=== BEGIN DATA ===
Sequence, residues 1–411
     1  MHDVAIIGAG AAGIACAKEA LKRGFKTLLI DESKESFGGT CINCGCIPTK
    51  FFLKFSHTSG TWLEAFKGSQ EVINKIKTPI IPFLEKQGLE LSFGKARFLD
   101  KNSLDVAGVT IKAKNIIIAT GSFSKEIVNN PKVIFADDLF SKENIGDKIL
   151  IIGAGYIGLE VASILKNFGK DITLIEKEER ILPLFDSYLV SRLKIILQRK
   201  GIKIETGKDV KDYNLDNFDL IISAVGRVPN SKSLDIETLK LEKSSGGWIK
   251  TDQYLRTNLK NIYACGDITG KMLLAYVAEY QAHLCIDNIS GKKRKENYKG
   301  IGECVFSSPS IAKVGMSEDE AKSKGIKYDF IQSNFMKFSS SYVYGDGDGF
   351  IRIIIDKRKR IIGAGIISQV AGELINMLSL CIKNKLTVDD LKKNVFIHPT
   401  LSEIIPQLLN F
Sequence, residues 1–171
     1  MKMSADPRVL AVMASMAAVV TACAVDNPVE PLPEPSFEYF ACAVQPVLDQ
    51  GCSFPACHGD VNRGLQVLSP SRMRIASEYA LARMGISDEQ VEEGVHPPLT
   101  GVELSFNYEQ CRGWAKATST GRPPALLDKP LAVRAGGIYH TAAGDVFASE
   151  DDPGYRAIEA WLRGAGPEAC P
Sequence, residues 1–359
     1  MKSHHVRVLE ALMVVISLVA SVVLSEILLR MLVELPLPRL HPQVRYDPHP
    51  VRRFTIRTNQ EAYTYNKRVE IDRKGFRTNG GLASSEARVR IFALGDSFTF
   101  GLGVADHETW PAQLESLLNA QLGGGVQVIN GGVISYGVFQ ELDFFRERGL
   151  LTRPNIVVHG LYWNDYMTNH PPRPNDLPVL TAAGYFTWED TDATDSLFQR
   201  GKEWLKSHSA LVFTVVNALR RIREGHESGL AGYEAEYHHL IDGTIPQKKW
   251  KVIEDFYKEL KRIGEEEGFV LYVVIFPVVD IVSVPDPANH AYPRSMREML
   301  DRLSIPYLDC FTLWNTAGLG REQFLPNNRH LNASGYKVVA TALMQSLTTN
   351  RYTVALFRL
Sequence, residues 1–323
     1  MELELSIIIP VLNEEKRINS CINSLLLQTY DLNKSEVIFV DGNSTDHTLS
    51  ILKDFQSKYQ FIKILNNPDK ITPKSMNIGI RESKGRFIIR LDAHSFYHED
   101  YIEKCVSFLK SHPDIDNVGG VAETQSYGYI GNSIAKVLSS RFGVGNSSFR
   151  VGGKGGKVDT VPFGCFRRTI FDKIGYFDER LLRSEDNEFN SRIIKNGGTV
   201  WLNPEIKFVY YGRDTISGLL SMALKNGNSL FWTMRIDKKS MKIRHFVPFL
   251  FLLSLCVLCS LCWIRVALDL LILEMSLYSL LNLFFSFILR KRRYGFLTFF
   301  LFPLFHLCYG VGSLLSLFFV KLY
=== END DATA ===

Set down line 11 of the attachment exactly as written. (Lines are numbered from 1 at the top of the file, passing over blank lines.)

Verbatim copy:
Sequence, residues 1–171